1. McCann J. Choi E, Yamasaki E, Ames BN.. Detection of carcinogens as mutagens in the Salmonella/microsome test: assay of 300 chemicals. Proc Natl Acad Sci (Wash) 1975; 72: 5135-9.
  2. Ames BN, McCann J, Yamasaki E. Methods of detecting carcinogens and mutagens with the Salmonella/mammalian-microsome mutagenicity test. Mutation Res 1975; 31: 347-64.
  3. Levin DE, Yamasaki E, Ames BN. A new Salmonella tester strain TA97, for the detection of frameshift mutagens. A run of cytosines as a mutational hot-spot. Mutation Res 1982; 94: 315-30.
  4. Maron DM, Ames BN. Revised methods for Salmonella mutagenicity test. Mutation Res. 1983; 113: 173-215.
  5. Green MHL, Muriel WJ. Mutagen testing using trp+ reversion in E. coli. Mutation Res. 1976; 38: 332.
  6. Green MHL. Mutagen testing trp reversion in Escherichia coli: Handbook of mutagenicity testprocedures, ed. Elesevier Science Publishers, 1984
  7. McCann J, Spingarn NE, Kobori J, Ames BN. Detection of carcinogens are mutagens: bacterial tester strains with R-factor plasmids. Proc Natl Acad Sci (Wash.) 1975; 72: 979-83.
  8. Obaseiki-Ebor EE, Akerele JO. Nitrofuran Mutagenicity: Induction of frameshift mutation. Mutation Res 1986; 175: 149 - 152.
  9. Obaseiki-Ebor EE, Smith KC. Properties of R-plasmid pEBO107, which confers both enhanced UV-radiation resistance and mutability

    to wild-type recA and umuC strains of Escherichia coli K12. Mutation Research 1991; 267: 67-76.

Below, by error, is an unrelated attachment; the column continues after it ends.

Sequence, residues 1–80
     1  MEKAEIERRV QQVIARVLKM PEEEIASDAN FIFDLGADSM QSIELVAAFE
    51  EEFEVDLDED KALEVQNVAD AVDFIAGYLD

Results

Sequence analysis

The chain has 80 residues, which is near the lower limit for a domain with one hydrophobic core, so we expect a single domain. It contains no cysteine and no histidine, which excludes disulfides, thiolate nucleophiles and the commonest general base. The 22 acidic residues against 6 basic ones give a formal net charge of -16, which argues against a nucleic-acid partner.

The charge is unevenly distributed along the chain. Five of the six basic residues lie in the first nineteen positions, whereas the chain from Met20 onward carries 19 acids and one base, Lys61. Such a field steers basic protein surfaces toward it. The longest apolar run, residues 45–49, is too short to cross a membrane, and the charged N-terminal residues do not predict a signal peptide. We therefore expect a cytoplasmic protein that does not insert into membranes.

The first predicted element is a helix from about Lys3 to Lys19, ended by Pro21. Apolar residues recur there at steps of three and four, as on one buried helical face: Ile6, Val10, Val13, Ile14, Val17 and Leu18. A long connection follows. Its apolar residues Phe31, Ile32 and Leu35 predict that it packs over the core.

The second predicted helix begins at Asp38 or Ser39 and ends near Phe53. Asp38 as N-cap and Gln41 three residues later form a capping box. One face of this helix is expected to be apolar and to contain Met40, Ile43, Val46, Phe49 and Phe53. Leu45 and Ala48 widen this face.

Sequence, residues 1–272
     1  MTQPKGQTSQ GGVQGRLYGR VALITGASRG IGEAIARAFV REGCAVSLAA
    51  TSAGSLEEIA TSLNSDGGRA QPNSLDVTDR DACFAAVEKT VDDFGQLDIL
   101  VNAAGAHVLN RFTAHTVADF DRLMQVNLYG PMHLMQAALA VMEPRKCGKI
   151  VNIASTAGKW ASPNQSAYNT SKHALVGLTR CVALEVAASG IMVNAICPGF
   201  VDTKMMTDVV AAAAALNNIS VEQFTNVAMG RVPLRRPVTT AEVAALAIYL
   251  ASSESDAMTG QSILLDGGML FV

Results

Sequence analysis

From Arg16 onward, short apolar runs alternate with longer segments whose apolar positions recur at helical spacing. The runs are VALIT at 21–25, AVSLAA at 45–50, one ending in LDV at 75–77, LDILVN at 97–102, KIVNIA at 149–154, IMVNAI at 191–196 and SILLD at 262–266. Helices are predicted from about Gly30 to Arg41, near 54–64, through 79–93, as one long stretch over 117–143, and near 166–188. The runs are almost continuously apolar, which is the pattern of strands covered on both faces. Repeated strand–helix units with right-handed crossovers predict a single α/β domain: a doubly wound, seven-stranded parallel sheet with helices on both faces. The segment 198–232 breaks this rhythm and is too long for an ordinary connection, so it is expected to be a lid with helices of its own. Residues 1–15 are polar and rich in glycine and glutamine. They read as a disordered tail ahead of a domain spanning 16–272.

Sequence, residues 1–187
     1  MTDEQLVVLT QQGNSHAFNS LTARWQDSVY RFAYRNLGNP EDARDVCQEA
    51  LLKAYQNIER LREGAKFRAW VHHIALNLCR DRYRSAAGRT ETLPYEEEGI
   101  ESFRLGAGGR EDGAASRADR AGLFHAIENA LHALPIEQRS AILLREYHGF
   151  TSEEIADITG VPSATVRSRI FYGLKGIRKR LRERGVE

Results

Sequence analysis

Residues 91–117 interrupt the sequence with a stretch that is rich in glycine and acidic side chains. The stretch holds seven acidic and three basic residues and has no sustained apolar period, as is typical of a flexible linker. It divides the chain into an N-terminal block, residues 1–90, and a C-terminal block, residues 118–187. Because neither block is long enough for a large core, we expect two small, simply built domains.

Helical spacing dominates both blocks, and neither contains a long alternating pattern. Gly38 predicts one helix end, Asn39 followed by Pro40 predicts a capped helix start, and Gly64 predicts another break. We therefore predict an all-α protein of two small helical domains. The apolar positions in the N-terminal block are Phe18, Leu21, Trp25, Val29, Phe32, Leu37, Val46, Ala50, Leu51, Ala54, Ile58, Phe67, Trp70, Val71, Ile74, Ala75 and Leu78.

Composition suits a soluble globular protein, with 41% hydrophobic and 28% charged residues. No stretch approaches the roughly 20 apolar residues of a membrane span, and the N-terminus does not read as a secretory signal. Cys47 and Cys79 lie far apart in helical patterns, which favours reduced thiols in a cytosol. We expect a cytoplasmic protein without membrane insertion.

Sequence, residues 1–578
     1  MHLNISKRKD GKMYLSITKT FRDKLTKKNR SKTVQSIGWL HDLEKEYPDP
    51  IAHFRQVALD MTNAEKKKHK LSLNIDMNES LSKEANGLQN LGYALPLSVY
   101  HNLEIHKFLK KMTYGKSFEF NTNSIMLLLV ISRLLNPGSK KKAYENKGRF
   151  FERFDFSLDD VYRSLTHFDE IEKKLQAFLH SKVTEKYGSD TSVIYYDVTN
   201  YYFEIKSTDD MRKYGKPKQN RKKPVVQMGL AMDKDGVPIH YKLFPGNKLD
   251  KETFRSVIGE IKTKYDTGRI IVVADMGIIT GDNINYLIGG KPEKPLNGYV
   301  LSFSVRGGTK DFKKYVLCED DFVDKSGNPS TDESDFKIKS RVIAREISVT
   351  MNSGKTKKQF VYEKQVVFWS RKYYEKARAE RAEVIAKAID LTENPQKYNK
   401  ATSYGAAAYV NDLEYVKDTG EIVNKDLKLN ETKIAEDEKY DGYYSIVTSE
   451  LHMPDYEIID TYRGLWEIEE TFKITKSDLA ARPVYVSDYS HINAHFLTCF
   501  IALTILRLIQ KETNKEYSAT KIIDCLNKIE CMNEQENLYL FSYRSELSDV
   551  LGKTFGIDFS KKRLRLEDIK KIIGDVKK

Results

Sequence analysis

10. Houk VS, DeMarini DM. Induction of prophage lambda by chlorinated pesticides. Mutation Res 1987; 182: 193 - 201.
  11. DeMarini DM, Brooks HG, Parkes DG. Induction of Prophage lambda by Chlorophenols. Environmental and Molecular Mutagenesis 1990; 15: 1-19.
  12. Moreau P, Bailore A, Devoret R. Prophage lambda induction in E. coli K12 envA uvrB: A highly sensitive test for potential carcinogens. Proc Natl Acad Sci USA 1976; 3(10): 3700-4.
  13. Obaseiki-Ebor EE, Obasi EE. Aspects of chloroquine mutagenicity. Mutation Res 1986; 175: 51-9.
  14. Davis BD, Mingioli ES. Mutants of E. coli requiring methionine or vitamin B12. J Bactriol. 1950; 10: 17-28.
  15. Obaseiki-Ebor, EE, Akerele JO. The mutagenic activity of chlorpromazine. Mutation Res. 1988; 208: 33-8.
  16. Lowry OH, Rosebrough NJ, Farr A, Randall RJ. Protein measurement with the folin-phenol reagent. J Biol Chem 1951; 193.
  17. Brusick DJ, Simmon VF, Rosenkraz HS, Ray VA, Stafford RS. An evaluation of the E. coli WP2 reverse mutation assay. Mutation Res 1980; 76: 169-90.
  18. Green MHL, Muriel WJ, Bridges BA. Use of a simplified fluctuation test to detect low levels of mutagens. Mutation Res 1976; 38: 33-42.
  19. Houk VS, DeMarini DM. Use of the microscreen phage-induction assay to access the genotoxicity of 14 hazardous industrial wastes. Environ Molecular Mutagen 1988; 11: 13-29.
  20. Obaseiki-Ebor EE, Akerele JO. Expression of a novel R-plasmid pEB017 compared to pKM101 in E. coli wild-type, recA and uvrA strains. Mutation Res 1986; 192: 172-80.
  21. Davidson MW, Griggs Jr BG, Boykin DW, Wilson WD. Mefloquine, a clinically useful quinolinemethanol anti-malarial which does not significantly bind to DNA. Nature (London) 1975; 254: 632-4.
  22. Schupbach ME. Mutagenicity evaluation of the two anti-malarial agents, chloroquine and mefloquine using a bacterial fluctuation test. Mutation Res 1979; 68: 41-9.

Full text of this journal is also available online at

© 2003 - Pharmacotherapy Group, Faculty of Pharmacy, University of Benin, Benin City, Nigeria

The following images related to this document are available:

Photo images

[pr02013t2.jpg] [pr02013t3.jpg] [pr02013t1.jpg]
Home Faq Resources Email Bioline
© Bioline International, 1989 - 2022, Site last up-dated on 11-May-2022.
Site created and maintained by the Reference Center on Environmental Information, CRIA, Brazil
System hosted by the Internet Data Center of Rede Nacional de Ensino e Pesquisa, RNP, Brazil